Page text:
UK spin-out Microbiotica wants to be world leader in microbiome drugs
A new Cambridge, UK-based biotech says it wants to become a world leader in developing drugs based on microbiome biology.
The microbiome is made up of trillions of bacteria that live in the human gut and elsewhere in the body, and research shows that it plays a crucial role in regulating health and disease. By fixing deficiencies in an individual patient’s microbiome, new drugs could treat conditions such as Crohn’s disease, multiple sclerosis, cancer and neurological disease.
Microbiotica is a spin-out from the not-for-profit Wellcome Trust Sanger Institute (pictured) which specialises in genome sequencing and has been researching the microbiome since 2010.
The UK biotech will join a small group of companies in the US and Europe already working in the field, but it hopes the expertise of its scientists will give it an advantage over the likes of established rivals such as Seres Health and Vedanta.
Dr Trevor Lawley has been leading research into the microbiome at the Sanger Institute’s Host-Microbiotica Interactions Laboratory (HMIL) and will now look to translate these insights into new medicines.
Dr Lawley will be chief scientific officer at the company, and will work alongside Professor Gordon Dougan, another Sanger Institute expert in genetic analysis of host/pathogen interactions during infection.
The company’s chief executive will be Dr Mike Romanos. A seasoned drug discoverer and entrepreneur in the biotech sector, Dr Romanos held senior global roles at GSK and was chief executive of another Cambridge based biotech, Crescendo Biologics from 2011 to 2015.
Microbiotica says it will use this expertise to build a potential best in class platform for microbiome drugs. This will involve combining an extensive DNA sequencing capability with novel culturing methods, to build a first-in-class gut microbiome culture collection and reference genome library.
Since 2010, Dr Lawley’s group has cultured and sequenced the genome of thousands of bacterial strains from the gut of humans, representing the world’s largest culture collection of intestinal bacteria.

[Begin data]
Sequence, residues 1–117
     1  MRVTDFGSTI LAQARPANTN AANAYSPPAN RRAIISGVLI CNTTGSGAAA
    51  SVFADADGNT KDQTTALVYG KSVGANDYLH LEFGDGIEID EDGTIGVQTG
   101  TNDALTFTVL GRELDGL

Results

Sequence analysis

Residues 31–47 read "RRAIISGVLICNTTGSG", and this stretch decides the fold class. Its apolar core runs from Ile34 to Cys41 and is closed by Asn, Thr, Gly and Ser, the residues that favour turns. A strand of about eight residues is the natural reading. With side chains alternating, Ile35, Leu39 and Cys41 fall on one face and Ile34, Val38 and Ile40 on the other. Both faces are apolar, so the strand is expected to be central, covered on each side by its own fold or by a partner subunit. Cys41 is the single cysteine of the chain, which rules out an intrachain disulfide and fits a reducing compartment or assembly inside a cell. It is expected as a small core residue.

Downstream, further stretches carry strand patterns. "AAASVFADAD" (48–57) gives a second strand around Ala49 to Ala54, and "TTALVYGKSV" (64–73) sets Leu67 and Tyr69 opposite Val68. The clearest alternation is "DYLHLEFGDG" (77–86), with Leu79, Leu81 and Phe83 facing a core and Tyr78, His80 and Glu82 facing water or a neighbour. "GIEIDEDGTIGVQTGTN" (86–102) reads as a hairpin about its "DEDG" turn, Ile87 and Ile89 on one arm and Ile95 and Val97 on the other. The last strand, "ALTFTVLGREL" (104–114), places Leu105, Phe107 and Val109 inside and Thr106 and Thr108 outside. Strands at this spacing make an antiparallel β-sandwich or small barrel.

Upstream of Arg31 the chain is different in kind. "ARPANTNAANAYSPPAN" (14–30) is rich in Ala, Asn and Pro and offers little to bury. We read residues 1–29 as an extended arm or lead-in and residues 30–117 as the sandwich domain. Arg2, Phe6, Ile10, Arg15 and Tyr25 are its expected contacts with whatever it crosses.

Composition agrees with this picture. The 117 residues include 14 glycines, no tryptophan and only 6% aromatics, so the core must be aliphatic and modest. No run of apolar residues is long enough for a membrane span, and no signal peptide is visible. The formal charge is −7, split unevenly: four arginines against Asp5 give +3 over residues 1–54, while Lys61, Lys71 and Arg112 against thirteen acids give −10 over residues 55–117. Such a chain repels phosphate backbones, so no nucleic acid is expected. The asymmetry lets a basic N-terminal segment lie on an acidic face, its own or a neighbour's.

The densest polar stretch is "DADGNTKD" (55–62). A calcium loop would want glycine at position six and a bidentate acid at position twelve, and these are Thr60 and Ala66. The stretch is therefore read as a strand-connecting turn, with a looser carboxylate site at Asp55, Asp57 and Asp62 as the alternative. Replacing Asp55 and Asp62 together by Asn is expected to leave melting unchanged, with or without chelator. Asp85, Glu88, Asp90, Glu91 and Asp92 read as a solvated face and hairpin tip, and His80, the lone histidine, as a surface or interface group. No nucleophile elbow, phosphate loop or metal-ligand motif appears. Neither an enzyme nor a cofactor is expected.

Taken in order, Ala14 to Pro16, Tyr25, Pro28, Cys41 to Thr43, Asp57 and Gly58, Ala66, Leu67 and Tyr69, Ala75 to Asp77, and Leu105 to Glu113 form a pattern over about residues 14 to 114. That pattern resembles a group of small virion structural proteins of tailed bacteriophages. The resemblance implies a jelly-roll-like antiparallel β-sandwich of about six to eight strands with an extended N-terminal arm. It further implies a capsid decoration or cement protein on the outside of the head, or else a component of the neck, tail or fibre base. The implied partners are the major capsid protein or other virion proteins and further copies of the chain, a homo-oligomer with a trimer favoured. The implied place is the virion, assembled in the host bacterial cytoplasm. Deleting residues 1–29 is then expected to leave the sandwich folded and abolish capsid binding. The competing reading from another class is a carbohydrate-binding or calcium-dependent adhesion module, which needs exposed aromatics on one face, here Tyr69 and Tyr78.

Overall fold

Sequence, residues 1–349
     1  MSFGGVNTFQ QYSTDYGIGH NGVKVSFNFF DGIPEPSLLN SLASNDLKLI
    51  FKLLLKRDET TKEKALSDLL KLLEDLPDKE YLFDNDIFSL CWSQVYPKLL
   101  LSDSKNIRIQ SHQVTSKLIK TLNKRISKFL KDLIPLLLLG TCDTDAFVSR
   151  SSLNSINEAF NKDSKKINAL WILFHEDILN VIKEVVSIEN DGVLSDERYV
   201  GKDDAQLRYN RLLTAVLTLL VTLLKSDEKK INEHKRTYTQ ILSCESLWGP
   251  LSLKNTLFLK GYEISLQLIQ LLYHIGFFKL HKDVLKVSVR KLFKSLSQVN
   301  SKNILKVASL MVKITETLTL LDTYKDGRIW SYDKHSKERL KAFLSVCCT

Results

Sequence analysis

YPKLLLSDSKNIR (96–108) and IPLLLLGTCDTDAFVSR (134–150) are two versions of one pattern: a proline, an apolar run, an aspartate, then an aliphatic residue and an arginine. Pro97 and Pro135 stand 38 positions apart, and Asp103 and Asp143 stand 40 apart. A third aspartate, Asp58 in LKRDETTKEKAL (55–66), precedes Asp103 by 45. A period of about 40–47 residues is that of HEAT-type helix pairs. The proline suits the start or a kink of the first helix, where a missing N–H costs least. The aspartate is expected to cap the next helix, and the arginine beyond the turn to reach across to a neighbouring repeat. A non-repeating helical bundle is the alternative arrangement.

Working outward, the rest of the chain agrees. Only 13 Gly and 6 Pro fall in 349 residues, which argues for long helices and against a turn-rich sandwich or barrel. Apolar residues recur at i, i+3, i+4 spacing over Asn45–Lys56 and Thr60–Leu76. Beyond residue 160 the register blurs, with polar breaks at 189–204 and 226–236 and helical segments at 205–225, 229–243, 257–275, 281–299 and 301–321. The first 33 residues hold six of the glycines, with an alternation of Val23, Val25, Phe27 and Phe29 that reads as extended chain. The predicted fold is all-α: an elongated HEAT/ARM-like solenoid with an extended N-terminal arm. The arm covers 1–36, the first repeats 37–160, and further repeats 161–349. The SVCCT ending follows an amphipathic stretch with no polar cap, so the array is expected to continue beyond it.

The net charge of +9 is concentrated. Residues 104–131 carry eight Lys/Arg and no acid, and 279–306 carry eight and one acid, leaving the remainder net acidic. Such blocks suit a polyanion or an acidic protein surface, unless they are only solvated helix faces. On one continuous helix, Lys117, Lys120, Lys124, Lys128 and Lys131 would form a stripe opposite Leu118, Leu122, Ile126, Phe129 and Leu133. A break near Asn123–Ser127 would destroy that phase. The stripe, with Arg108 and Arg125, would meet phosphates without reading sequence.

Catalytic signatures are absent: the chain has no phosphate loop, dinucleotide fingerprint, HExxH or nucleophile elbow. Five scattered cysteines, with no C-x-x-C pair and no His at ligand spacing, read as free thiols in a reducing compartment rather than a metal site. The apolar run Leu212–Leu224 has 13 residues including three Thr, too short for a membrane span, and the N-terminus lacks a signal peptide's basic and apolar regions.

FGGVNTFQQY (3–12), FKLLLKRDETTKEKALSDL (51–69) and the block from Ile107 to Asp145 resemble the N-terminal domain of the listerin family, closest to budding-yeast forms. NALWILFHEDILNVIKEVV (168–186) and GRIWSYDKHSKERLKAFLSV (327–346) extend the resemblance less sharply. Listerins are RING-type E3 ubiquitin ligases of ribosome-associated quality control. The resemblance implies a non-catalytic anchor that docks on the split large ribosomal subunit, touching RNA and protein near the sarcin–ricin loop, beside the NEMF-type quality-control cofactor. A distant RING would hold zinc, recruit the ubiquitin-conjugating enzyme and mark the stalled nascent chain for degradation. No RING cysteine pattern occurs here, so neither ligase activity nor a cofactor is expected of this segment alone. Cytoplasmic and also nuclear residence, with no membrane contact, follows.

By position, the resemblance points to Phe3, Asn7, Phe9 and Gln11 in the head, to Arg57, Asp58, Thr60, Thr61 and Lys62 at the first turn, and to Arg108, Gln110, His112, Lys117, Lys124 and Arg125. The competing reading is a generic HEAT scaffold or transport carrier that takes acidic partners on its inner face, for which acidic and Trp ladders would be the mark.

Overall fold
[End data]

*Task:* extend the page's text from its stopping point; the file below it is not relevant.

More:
On top of insights into how bacteria affect these diseases, the group has developed an expertise in humanised models for the development of live bacterial therapeutics and what it says is a leading bioinformatics capability.
The newly formed company is being backed by two venture groups, Cambridge Innovation Capital (CIC) and IP Group, who are co-leading the investment with a £4m contribution each, providing a total initial funding of £8m.
Microbiotica will have unique access to Sanger expertise, allowing it to identify specific disease-related bacteria, patient-stratification strategies and novel therapeutics.
It has been granted exclusive rights to existing potentially therapeutic bacterial mixes that have shown striking effects in novel models of disease, and Microbiotica says it will progress these into pre-clinical development over the coming year.
The company will use the funds to establish labs within the Wellcome Genome Campus at Hinxton, Cambridge, to progress multiple live bacteriotherapy discovery programmes into development.
Mike Romanos, chief executive of Microbiotica, said: “It has been a privilege to work with my co-founders Trevor Lawley and Gordon Dougan to create the concept of Microbiotica as a leading player in microbiome-based therapeutics. We are very excited to be working with CIC and IP Group to now turn the vision into reality as we start to build the company, based at the Wellcome Genome Campus, leveraging the strengths of the Sanger Institute to create new medicines.”
The Wellcome Genome Campus is one of the UK’s most fertile sources of new medical research, including spin-out and start-up companies, academic-industry partnerships and Genomics England.
Professor Sir Mike Stratton, Director of the Sanger Institute, said: “Microbiotica grew out of Sanger Institute science and I’m delighted that Trevor and his team will continue to be immersed in the intellectual environment on campus. The Biodata Innovation Centre and the companies in it is the first major step in our progression of our vision for this Campus as a global hub for genomics and biodata.”
Microbiotica is launched just a few months after one of the field’s leaders, Seres Therapeutics, suffered a major setback. In July the US-based company saw its lead compound, SER-109, fail in a phase 2 trial for clostridium difficile infection.
Seres Therapeutics is based in the other Cambridge – Cambridge, Massachusetts – as is another competitor in the field, Vedanta. It raised a substantial $50 million in new equity financing in June.
Other companies exploring the microbiome are Synlogic, which went into partnership with AbbVie earlier this year, and Second Genome, which raised $43 million in the spring, with contributions from Pfizer and Roche.
Another UK based company, 4D pharma, has a treatment in phase 1 development for irritable bowel syndrome (IBS).
The field is split between companies who seek to develop live bacterial therapeutics – such as Microbiotica and 4D – and those such as Seres, which seek to synthesise drugs which mimic the effects of specific bacterial strains.
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